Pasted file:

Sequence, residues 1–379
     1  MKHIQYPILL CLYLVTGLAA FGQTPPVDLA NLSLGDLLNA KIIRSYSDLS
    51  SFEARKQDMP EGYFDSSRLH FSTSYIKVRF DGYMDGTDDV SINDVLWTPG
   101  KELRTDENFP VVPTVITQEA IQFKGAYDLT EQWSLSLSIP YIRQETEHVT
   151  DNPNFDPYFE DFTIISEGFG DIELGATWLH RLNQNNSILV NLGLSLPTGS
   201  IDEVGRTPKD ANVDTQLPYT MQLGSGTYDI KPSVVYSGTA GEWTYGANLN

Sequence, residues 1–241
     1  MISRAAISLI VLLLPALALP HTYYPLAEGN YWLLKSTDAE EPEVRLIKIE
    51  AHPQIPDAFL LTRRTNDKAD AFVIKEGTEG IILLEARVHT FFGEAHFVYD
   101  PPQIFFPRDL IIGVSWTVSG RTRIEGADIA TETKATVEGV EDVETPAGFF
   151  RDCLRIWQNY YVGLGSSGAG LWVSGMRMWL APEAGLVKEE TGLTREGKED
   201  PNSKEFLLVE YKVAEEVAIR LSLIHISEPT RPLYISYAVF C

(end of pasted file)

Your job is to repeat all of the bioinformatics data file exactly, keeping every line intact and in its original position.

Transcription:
Sequence, residues 1–379
     1  MKHIQYPILL CLYLVTGLAA FGQTPPVDLA NLSLGDLLNA KIIRSYSDLS
    51  SFEARKQDMP EGYFDSSRLH FSTSYIKVRF DGYMDGTDDV SINDVLWTPG
   101  KELRTDENFP VVPTVITQEA IQFKGAYDLT EQWSLSLSIP YIRQETEHVT
   151  DNPNFDPYFE DFTIISEGFG DIELGATWLH RLNQNNSILV NLGLSLPTGS
   201  IDEVGRTPKD ANVDTQLPYT MQLGSGTYDI KPSVVYSGTA GEWTYGANLN

Sequence, residues 1–241
     1  MISRAAISLI VLLLPALALP HTYYPLAEGN YWLLKSTDAE EPEVRLIKIE
    51  AHPQIPDAFL LTRRTNDKAD AFVIKEGTEG IILLEARVHT FFGEAHFVYD
   101  PPQIFFPRDL IIGVSWTVSG RTRIEGADIA TETKATVEGV EDVETPAGFF
   151  RDCLRIWQNY YVGLGSSGAG LWVSGMRMWL APEAGLVKEE TGLTREGKED
   201  PNSKEFLLVE YKVAEEVAIR LSLIHISEPT RPLYISYAVF C